Hundreds of people gathered at the Utah State Capitol on May 5 to protest the potential threat to abortion rights after the Roe v. Wade Supreme Court draft decision was leaked earlier this week.
The draft opinion, written by Justice Samuel Alito, was first published by Politico on May 2. The content of the draft has the ability to overturn the federal constitutional rights to abortion held by Roe v. Wade if it gets officially published by the Supreme Court. The authenticity of the leaked draft was confirmed by Chief Justice John Roberts on May 3.
An overturn of Roe v. Wade would have major implications for Utah’s future. The state is one of 13 that have enacted “trigger laws” that can almost immediately ban most abortions if the U.S. Supreme Court overturns Roe v. Wade.
Utah’s trigger law passed in 2020 and states life begins at embryonic implantation. This will make it illegal for women to have abortions except in cases of rape, incest or a health emergency that threatens the life of the mother.
“There’s 13 states that haven’t ratified women’s rights, and we have an issue because Utah is one of those states,” protester Erin Pitt said. “We need to protect ourselves in order to protect future generations.”
Protestors chanted “When they say no choice, we say pro-choice,” on the steps of the Utah Capitol in Salt Lake City.
Several protesters held signs at the rally with phrases such as “choice is a human right,” “you can only stop safe abortion” and “your body, your choice.” Many supporters of abortion argue that banning safe, legal abortions only forces women to seek out unsafe measures to end pregnancies.
“I’m here to support everyone being able to choose exactly what they want to do with their life,” protester Abby Houghton said. “This is something that personally attacks me and takes away my rights as a human so I want to be here to support, but its also about me and my future.”
Houghton said “it would be chaos” if Roe v. Wade was overturned. “There would be terrible deaths and injuries from people trying to control their lives without the healthcare system backing them up,” she said.
The protest was organized by Red Hive Collective, a Utah-based media platform that covers “local issues, protests and grassroots organizations.” The rally included a dance celebrating Indigenous women, a musical performance and several speakers who shared messages.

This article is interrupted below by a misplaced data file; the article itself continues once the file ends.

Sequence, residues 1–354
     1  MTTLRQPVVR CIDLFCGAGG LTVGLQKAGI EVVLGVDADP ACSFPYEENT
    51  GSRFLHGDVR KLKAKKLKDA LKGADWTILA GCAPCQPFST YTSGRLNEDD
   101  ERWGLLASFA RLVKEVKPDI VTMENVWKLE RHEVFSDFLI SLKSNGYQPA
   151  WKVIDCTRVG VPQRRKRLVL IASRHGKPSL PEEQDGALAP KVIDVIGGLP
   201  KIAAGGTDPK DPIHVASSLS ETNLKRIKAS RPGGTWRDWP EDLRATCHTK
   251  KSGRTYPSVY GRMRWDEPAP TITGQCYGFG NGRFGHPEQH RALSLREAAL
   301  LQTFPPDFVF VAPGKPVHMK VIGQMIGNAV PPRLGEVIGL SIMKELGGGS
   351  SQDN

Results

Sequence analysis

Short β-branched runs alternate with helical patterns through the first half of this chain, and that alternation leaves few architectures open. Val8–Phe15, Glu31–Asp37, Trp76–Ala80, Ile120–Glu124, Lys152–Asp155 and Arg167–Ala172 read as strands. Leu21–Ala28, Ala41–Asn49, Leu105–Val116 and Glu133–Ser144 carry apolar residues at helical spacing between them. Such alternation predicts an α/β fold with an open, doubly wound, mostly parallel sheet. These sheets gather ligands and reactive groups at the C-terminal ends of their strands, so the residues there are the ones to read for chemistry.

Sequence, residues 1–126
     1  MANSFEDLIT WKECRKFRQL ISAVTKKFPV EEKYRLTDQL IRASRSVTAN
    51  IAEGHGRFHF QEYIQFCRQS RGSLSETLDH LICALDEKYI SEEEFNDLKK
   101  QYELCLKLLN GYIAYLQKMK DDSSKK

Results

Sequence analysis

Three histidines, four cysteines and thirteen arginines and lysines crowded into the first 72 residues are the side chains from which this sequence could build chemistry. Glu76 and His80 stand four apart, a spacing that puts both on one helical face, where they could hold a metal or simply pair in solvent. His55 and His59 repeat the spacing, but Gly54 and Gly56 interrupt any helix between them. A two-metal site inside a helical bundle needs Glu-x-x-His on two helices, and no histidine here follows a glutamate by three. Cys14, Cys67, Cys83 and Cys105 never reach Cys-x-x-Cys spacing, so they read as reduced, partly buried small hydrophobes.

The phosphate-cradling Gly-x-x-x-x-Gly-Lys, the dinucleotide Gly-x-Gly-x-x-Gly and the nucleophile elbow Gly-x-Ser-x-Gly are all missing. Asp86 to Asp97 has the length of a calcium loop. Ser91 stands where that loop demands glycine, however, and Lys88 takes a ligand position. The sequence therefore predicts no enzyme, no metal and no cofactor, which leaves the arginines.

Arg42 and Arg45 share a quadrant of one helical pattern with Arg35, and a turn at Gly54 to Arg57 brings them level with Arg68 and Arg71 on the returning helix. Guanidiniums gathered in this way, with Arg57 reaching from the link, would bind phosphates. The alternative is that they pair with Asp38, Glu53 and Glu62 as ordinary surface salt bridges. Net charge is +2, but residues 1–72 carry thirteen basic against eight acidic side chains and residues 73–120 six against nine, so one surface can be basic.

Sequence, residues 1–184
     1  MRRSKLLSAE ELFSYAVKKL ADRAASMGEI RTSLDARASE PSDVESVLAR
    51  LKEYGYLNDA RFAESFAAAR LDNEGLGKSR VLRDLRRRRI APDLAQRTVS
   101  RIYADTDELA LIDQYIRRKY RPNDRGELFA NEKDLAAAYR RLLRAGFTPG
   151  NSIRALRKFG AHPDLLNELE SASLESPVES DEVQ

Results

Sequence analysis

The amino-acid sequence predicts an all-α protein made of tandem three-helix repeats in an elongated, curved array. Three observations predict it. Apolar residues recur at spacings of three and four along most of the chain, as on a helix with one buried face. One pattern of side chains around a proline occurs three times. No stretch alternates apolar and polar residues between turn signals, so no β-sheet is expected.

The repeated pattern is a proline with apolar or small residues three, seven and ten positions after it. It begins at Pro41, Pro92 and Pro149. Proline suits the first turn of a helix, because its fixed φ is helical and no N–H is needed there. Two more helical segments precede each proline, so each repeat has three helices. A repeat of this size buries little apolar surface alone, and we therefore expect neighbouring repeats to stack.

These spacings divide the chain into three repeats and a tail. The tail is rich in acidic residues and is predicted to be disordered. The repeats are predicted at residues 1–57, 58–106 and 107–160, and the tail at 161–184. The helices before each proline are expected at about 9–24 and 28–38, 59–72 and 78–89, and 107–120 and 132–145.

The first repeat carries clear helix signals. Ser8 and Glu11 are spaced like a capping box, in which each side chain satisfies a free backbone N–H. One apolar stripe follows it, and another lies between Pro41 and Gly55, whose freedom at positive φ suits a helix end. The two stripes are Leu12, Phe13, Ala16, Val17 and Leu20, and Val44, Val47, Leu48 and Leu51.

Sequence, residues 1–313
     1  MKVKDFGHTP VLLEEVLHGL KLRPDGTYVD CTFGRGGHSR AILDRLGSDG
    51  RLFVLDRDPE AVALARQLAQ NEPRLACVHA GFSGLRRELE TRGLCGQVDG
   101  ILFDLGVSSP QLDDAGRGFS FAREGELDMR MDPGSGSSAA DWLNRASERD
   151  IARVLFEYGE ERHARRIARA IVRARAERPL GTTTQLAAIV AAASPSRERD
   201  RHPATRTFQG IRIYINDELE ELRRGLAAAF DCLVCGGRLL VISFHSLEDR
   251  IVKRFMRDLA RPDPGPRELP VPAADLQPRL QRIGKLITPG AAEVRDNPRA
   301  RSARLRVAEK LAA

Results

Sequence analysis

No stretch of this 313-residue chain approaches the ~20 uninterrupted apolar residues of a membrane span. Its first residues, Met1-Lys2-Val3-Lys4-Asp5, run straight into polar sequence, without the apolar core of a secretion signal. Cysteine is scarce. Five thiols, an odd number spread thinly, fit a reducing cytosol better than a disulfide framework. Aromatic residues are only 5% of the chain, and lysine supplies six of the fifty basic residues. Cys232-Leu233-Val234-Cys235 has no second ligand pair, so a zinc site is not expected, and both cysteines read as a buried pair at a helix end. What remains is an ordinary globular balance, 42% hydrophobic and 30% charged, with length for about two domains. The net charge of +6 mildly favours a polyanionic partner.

“If the Supreme Court justices are already set on their opinions, there is not much we can do except make our voices heard and let them know that we are not going to go down without a fight,” said Magnolia, a 16-year-old girl who spoke at the rally and is a member of the Red Hive Collective. “I would like to believe that I’m genuinely pro-life because I care about all of these issues that happen after a baby is born, unlike the senators and representatives and Supreme Court justices who say they are ‘pro-life’ but only as long as it is a clump of cells in the womb.”
Chief Justice Roberts said the leak of the draft was “absolutely appalling” when he addressed the federal judges on May 5, according to CNN.
Several Utah leaders have also responded to the leak. Gov. Spencer Cox and Lt. Gov. Deidre Henderson tweeted a joint statement saying although they were optimistic at the possibility of an overturn, “draft rulings are not actual rulings and leaked drafts are a dangerous violation of court protocol and deliberations.”
On Thursday, Lee issued another comment, tweeting “efforts by some now to pressure, pack and delegitimize the Court are shameful, wrong and dangerous.”
The leak has instilled fear and anger in supporters of abortions, who say the decision would be a direct blow to their fundamental rights to choose what they want to do with their bodies.
“We deserve the right to be loud and not quiet and tiny as possible,” protestor Amelia Peterson said. “We get to stand up just as the people making the decisions for our bodies — we get to be as loud as them.”
Katie Elder, another protester, said the rally’s purpose was to send a message to Utah’s leaders.
“It shows something to our senators,” Elder said. “They can see we’re not happy. The more people out here, the more our voice is heard.”
During a performance of Lady Gaga’s “Till it Happens To You”, an empowering song discussing sexual assault, several members of the crowd began hugging. The hug quickly grew from less than 10 people to a large majority of the crowd with several people crying and comforting each other.
“I’ve never experienced something like that before,” Elder said. “Just the pure love and want for a change. It was beautiful.”
Following the speakers and performances, the protesters headed for State Street and marched, cheered and chanted their way down.